CHINATOWN — As Police Supt. David Brown blamed illegal guns, bond reform and closed courts for a violent Independence Day weekend, a South Side alderman met with Chinatown residents Monday to call for more community-based violence prevention measures.
Chicago saw more than 90 people wounded in shootings over the long holiday weekend. Among them were a 27-year-old woman and 41-year-old man who were shot Monday morning in Chinatown.
Ald. Byron Sigcho-Lopez (25th) held a Tuesday morning news conference in response to the violence.
“Families, children, young people and parents — time after time — have talked about a need for change,” Sigcho-Lopez said. “We cannot continue to normalize this level of violence.”
The shooting happened about 9:38 a.m. Monday in the 300 block of West 23rd Street. The victims were standing on the sidewalk when someone in a car drove up and fired shots, hitting the woman in her legs and the man multiple times throughout his body, police said.
The man took himself to Mercy Hospital and was transferred to Stroger Hospital, where he was in serious condition, police said. The woman was taken to Stroger Hospital and was also seriously wounded. No one was in custody and an investigation was ongoing.
Sigcho-Lopez was joined by activists and leaders from neighborhood groups, including Grace Chan-McKibben from the Coalition for a Better Chinese-American Community and Hong Liu from Midwest Asian Health Association.
All called for an approach to violence prevention that focuses more on providing resources and investing directly in the community, in addition to improving community relationships with police.
“Residents need to feel comfortable going to the police. Part of that is making sure that there are officers who speak Mandarin and Cantonese, but also investing in more long-term solutions like housing, education and workforce development,” Chan-McKibben said.
Liu said there also needs to be more funding for mental health care. Funding from the city could support initiatives such as making psychiatrists free or accessible to at-risk community members, she said.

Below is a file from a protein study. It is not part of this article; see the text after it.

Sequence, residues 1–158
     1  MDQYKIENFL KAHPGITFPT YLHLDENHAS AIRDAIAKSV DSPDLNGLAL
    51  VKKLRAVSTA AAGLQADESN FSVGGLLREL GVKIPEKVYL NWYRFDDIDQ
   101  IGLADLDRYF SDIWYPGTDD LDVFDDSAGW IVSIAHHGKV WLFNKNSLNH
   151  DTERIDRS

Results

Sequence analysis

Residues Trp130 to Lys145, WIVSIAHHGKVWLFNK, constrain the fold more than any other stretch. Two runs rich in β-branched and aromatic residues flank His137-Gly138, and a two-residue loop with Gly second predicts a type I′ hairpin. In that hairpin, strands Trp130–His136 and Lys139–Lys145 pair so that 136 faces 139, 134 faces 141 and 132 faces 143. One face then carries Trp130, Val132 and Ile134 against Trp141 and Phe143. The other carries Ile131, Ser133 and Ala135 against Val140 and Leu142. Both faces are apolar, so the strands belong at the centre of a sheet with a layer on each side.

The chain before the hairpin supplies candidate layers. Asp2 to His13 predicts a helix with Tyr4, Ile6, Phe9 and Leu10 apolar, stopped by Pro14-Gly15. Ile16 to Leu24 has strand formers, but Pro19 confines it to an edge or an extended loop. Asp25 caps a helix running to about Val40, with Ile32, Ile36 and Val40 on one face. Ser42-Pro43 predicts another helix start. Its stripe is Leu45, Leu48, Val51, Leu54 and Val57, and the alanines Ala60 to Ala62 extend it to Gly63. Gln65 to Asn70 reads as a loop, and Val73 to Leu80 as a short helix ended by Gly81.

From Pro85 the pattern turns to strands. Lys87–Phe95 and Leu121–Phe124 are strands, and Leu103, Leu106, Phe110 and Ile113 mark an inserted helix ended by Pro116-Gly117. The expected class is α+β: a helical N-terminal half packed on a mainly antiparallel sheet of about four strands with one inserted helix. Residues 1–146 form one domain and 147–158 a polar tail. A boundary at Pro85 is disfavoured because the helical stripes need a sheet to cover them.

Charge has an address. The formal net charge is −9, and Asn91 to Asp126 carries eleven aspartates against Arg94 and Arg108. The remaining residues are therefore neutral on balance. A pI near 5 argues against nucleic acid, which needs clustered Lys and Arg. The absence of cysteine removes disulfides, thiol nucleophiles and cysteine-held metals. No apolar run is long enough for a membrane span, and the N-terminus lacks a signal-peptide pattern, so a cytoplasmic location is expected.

“Mental health is a big part of what drives violence,” she said.
At a separate news conference Tuesday morning, Brown repeated controversial claims he and Mayor Lori Lightfoot have made blaming an uptick in violence on the courts not prosecuting people and judges releasing violent offenders.
Brown said police cleared 10 murders, arrested about 60 young people and took in more than 200 illegal guns during the long holiday weekend. He said violence can be traced back to a lack of action from the courts — and said the police have advocated for a whole-city approach to reducing crime.
Sigcho-Lopez dismissed those claims.
“The research is very clear: We have been provided with ample evidence from Loyola that there is an extremely low correlation between violent crime and releases,” Sigcho-Lopez said, citing a recent report released by Loyola University, which found just 3 percent of defendants let out on bond committed another offense during their pre-trial period.
“The strategy by the Police Department — which has focused on a wide net of issues, primarily focusing on seizing guns — has failed. They’re not focusing on the segment of the population that is at high risk,” the alderman said.
Sigcho-Lopez and community members urged the Police Department and the Mayor’s Office to pivot on a more “holistic” strategy — and quickly.
“We can’t wait till the end of the summer to invest in violent prevention,” Sigcho-Lopez said. “We need to prevent violence so we’re not constantly reacting to this issue.”
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